Why The Southern U.S. is Also Known as ‘The Stroke Belt’

8
237

high-blood-pressure-checkAbout one-third of Americans have hypertension or high blood pressure, and this disease is responsible for about 7.5 million deaths worldwide each year.

However in the Southeastern region of the country, the number jumps to more than half living with high blood pressure. Thus  the risk of complications is also much higher, mainly — strokes. The Bible Belt to health officials is known as “the stroke belt.”

A recent study looked at 69,000 Black and white Americans who lived in the Southern states between 2002 and 2009 and had a similar income and educational backgrounds and found that about 57 percent had hypertension. Black and white men at 51 percent each had high blood pressure, but there was a wider gap between Black women and white women, at 64 percent and 52 percent respectively.

One of the authors of the study, Dr. Uchechukwu K. A. Sampson, an assistant professor of medicine at Vanderbilt University Medical Center in Nashville, said the United States has had the same treatment for high blood pressure since 1977, but the rates in the South have stayed the same. The study reaffirms most of what scientists and doctors already know: the rates are high, but not enough is being done about it.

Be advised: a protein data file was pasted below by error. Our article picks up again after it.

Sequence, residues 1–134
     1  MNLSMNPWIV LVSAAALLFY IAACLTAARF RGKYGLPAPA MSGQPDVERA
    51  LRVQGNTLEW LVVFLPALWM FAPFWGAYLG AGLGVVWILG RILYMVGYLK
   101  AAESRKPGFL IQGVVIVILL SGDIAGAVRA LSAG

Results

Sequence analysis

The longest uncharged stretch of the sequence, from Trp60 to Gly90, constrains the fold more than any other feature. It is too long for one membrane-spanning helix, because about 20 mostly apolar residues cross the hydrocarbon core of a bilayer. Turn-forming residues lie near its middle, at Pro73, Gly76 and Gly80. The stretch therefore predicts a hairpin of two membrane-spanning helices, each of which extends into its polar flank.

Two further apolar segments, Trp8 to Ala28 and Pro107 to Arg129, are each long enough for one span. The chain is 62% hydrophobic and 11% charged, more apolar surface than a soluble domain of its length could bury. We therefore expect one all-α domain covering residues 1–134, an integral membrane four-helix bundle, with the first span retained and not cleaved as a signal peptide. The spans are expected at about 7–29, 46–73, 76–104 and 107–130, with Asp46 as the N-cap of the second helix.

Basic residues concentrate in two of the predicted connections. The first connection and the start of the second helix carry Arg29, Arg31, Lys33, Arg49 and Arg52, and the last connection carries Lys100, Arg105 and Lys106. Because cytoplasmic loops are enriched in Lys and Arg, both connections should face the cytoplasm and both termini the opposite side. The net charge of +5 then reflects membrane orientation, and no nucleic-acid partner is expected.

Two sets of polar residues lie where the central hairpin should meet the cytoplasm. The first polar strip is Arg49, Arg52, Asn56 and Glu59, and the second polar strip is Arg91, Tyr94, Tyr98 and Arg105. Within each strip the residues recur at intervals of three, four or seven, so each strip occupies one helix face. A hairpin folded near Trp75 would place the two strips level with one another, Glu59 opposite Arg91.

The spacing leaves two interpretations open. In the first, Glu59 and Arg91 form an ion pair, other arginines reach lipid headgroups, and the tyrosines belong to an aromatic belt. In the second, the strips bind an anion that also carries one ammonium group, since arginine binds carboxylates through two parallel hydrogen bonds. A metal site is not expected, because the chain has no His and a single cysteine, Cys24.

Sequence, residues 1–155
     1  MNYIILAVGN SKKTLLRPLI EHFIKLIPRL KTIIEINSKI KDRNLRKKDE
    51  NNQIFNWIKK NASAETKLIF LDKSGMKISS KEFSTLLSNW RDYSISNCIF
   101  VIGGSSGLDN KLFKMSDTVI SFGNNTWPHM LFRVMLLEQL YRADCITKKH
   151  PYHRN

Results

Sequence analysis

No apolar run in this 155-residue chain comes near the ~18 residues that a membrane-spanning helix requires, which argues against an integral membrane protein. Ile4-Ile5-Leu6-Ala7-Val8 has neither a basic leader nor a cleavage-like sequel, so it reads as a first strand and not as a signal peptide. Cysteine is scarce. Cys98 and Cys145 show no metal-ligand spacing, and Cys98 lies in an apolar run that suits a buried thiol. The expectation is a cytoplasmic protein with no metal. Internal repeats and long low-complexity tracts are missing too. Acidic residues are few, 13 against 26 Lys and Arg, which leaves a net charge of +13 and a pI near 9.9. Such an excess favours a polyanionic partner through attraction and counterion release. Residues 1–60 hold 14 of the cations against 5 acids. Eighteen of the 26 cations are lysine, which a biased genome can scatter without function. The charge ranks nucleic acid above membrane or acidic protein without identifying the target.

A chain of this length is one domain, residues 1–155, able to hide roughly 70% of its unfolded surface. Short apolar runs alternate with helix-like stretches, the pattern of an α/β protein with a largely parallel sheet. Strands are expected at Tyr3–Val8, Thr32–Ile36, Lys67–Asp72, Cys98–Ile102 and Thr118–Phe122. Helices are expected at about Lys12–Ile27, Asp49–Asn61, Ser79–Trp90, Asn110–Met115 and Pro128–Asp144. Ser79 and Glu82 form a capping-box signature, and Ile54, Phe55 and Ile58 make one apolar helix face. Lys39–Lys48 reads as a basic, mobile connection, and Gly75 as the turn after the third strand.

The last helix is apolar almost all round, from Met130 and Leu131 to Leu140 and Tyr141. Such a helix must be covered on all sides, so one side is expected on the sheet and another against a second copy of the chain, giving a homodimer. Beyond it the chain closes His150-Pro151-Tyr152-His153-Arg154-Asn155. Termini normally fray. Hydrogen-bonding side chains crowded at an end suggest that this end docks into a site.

Some risks for hypertension include: family history, diabetes, cholesterol, and notably, obesity.

“Are they still the same factors people have found before?” Sampson told Reuters. “If they are, that is bad news, then that means we have not done what we should have done in the past few years.

Hypertension is asymptomatic, meaning there aren’t “obvious” clues or signs that someone may be ill, but it can lead to stroke or kidney damage if left untreated. Thus, regular screenings are encouraged.

“Patients, be more proactive in monitoring your blood pressure,” said Sampson. “Physicians should be much more proactive as well.”

According to the National Stroke Association’s website, there are two categories for the different risk factors for stroke: controllable and uncontrollable.  Uncontrollable factors include: age, race, gender and family history and controllable factors are high blood pressure, cholesterol, diabetes, physical inactivity, alcohol and tobacco use, and obesity. The association encourages patients to change their lifestyle to decrease their risk of stroke and to treat their medical risks by working with their doctors.

S.C. Rhyne is a blogger and novelist in New York City. Follow the author on twitter @ReporterandGirl or on Facebook and visit her website at www.SCRhyne.com

Comments: Get Heard